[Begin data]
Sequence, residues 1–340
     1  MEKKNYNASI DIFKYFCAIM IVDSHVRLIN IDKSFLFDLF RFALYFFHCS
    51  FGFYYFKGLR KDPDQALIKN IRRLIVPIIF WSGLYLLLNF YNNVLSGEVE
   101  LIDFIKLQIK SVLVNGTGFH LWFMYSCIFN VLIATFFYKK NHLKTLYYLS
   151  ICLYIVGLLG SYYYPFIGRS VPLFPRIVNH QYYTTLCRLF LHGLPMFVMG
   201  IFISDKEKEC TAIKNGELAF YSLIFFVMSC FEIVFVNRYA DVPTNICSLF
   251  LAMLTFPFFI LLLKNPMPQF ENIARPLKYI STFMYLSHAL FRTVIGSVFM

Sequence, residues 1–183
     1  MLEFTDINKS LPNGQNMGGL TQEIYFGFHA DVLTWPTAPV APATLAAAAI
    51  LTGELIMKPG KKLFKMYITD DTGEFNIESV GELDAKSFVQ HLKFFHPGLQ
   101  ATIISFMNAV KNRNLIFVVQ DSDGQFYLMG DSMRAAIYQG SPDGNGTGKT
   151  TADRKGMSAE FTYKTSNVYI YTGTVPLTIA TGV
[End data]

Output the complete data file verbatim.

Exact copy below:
Sequence, residues 1–340
     1  MEKKNYNASI DIFKYFCAIM IVDSHVRLIN IDKSFLFDLF RFALYFFHCS
    51  FGFYYFKGLR KDPDQALIKN IRRLIVPIIF WSGLYLLLNF YNNVLSGEVE
   101  LIDFIKLQIK SVLVNGTGFH LWFMYSCIFN VLIATFFYKK NHLKTLYYLS
   151  ICLYIVGLLG SYYYPFIGRS VPLFPRIVNH QYYTTLCRLF LHGLPMFVMG
   201  IFISDKEKEC TAIKNGELAF YSLIFFVMSC FEIVFVNRYA DVPTNICSLF
   251  LAMLTFPFFI LLLKNPMPQF ENIARPLKYI STFMYLSHAL FRTVIGSVFM

Sequence, residues 1–183
     1  MLEFTDINKS LPNGQNMGGL TQEIYFGFHA DVLTWPTAPV APATLAAAAI
    51  LTGELIMKPG KKLFKMYITD DTGEFNIESV GELDAKSFVQ HLKFFHPGLQ
   101  ATIISFMNAV KNRNLIFVVQ DSDGQFYLMG DSMRAAIYQG SPDGNGTGKT
   151  TADRKGMSAE FTYKTSNVYI YTGTVPLTIA TGV